New children and teen help line in Lambton


Distress line calls up 146 per cent in Lambton

Heather Wright/The Independent

Since the pandemic started, the Sarnia-Lambton Distress line has been swamped with calls.

Adults struggling in a relationship during isolation, people who have lost their jobs and more than ever, children and teens have been calling for mental health help.

Donna Martin, program coordinator for the Family Counselling Centre, says since the end of March, there have been 146 per cent more calls. And it’s become clear more help is needed.

So, the centre is teaming up with St. Clair Child and Youth Services to use a grant from the Trillium Foundation to set up a dedicated crisis line for children and teens.

Martin says early in the pandemic, volunteers were answering calls on the existing distress line from their own homes. And there were a lot to handle.

“We were getting an increase in calls from people who were mostly worried; worried about what was going to happen, confused about what they should and shouldn’t do,” says Martin.

“It was anxiety, depression as a result of the isolation that’s inherent with the pandemic. And the volunteers have just been there for them to help kind of allay their worries and normalize things for others; to help them understand that we’re all going through this together. And what they were experiencing is for the most part pretty normal.”

And while the volunteers were helping callers to see their feelings were normal, it was clear the level of need was anything but normal.

Martin says since March 2020, they had answered over 3,000 calls; over half were from people considering suicide. The other half were suffering from mental health issues like depression or anxiety.

“I think for the most part, we’re all doing the best that we can but that doesn’t mean that we’re not struggling inside. We’re getting through each day but sometimes it just takes one thing to tip you over the edge. And I think that’s what we’re hearing is things that people could, in the past, probably cope with, they’re not coping with them.”

And Martin says more than ever children and teens were calling in with those complex feelings. “We didn’t get calls from children as much in the past,” says Martin.

That changed during the pandemic. And many found the help which had been available, like the Kids Help Line, wasn’t easily accessed.

“We have heard from some youth calling in that it’s been hard for them to get through. And they appreciate having a local person on the other end of the phone, for volunteers are well trained.”

The new funding will give local children and youth a dedicated place to call. And it will give the volunteers even more opportunity to give a listening ear and point people to counseling services if needed.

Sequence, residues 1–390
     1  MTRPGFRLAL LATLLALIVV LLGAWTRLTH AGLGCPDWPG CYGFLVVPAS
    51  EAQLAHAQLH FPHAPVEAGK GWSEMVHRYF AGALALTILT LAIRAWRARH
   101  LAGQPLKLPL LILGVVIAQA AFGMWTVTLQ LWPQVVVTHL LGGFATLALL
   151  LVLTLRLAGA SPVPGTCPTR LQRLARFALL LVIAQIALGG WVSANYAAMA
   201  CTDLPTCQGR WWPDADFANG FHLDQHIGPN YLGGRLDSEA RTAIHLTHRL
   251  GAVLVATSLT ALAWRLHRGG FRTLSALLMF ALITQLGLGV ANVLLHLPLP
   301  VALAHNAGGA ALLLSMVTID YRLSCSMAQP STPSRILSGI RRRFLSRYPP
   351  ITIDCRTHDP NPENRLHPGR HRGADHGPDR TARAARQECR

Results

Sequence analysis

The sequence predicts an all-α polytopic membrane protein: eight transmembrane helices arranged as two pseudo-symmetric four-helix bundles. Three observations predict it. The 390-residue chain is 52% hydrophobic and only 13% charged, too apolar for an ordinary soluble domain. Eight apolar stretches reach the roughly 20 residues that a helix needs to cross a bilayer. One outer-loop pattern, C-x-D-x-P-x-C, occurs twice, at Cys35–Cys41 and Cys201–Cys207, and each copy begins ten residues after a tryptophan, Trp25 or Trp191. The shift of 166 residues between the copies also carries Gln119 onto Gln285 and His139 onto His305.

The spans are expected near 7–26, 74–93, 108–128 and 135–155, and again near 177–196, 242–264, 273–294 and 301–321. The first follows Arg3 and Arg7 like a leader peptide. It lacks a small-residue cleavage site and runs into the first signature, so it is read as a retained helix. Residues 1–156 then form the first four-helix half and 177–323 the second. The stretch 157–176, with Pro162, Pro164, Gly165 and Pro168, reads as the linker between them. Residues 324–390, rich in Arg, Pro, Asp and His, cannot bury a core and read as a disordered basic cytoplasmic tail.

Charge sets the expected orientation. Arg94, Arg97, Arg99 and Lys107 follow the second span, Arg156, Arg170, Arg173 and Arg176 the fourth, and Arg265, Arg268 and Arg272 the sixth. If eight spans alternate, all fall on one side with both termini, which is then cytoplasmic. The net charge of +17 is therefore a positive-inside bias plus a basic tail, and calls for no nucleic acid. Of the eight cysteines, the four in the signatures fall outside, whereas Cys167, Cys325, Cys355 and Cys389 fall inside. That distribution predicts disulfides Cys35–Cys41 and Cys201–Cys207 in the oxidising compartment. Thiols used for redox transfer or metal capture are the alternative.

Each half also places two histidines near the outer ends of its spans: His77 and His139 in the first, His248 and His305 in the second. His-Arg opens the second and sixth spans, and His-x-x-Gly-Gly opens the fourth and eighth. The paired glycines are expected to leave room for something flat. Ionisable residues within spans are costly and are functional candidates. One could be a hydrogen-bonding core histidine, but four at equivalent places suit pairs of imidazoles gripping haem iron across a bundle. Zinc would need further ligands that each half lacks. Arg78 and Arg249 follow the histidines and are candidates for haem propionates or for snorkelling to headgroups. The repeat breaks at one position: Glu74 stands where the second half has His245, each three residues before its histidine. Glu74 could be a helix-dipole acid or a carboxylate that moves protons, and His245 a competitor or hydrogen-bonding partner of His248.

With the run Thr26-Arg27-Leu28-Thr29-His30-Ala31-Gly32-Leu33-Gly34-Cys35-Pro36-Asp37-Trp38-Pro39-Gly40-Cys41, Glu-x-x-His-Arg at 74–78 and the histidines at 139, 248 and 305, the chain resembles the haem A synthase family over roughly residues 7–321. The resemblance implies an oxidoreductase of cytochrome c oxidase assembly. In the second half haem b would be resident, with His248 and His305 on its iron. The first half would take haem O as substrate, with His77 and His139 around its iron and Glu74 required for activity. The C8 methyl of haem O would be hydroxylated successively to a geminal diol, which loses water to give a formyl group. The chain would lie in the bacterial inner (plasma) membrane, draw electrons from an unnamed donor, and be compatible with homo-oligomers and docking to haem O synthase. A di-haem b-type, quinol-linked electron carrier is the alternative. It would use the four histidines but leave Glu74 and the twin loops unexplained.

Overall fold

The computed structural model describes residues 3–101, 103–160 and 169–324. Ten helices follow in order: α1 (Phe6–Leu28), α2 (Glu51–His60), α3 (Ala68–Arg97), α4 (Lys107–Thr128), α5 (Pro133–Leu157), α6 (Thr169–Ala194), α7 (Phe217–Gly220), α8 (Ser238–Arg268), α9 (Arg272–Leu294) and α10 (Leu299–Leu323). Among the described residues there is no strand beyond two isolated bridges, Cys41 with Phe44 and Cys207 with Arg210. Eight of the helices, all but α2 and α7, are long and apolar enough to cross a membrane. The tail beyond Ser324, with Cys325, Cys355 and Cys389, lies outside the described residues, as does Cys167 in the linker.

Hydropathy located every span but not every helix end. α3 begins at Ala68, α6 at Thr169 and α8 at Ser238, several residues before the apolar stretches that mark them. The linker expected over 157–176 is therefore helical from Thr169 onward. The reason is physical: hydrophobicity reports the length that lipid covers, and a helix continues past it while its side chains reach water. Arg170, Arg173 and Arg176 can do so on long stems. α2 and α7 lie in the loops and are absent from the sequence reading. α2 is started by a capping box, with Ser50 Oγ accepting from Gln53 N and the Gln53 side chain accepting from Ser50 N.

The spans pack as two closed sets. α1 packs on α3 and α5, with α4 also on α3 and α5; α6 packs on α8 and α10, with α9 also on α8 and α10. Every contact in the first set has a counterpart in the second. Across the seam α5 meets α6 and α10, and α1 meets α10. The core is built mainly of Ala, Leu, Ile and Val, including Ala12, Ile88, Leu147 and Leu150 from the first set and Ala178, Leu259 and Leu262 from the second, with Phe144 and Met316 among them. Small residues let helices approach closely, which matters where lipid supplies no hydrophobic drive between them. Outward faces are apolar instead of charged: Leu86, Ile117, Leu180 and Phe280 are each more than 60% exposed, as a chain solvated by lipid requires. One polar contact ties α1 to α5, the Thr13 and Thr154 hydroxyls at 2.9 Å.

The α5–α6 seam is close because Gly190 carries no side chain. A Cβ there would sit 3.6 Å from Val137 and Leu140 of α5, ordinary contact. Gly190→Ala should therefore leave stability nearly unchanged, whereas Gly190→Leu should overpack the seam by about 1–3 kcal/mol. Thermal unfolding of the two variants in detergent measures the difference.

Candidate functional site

And while many children and teens connect with their friends constantly through social media, in difficult times, Martin says, that simply isn’t enough.

Many who called in, both teens and adults, had lost a job and wondered how they would make ends meet. The majority Martin says were from people struggling in a relationship.
Those calls, Martin says, were the most difficult and the most rewarding for the volunteers.

“Often the caller was feeling absolutely desperate, concerned about their relationship and concerned about whether their relationship was going to last. But coupled with that, what people are bringing forward is some of the mental health issues…what we’re finding is some of the callers are experiencing triggers, past experience, experiences, where they’ve struggled with mental health issues or where they’ve struggled with abuse,” says Martin.

“At the beginning of the call, the emotions are at a very heightened state. And then what the volunteers will do is they’ll give them all the time that they need to just unload. So our volunteers act as a sounding board for these callers.

“When people are in the throes of being upset, they often don’t see that they have got strength that they have; they do have the inherent strength to pull themselves through.”
So, Martin says, after the caller unloads all their hurt and worry, the volunteers reassure them they do have the strength to move on, acknowledging that they’re “going through a tough patch right now. And once we can start reflecting those strengths back to our callers, it kind of stops them in their tracks, and they’ll think, ‘yeah, you know, I have made it through some tough times before. And so I can probably make it through these tough times as well.

“But they’ve just forgotten who to reach out to. They’ve forgotten that they’ve had those inherent strengths.

“So what the volunteers said to me is that then, by the end of the call, they’re feeling more hopeful, like, yeah, ‘I think I can do it. I can get through this.’”

If you need help the new Crisis Line for Children and Youth can be reached at 1-833-622-1320. Adults may call 1-888-347-8737 for help.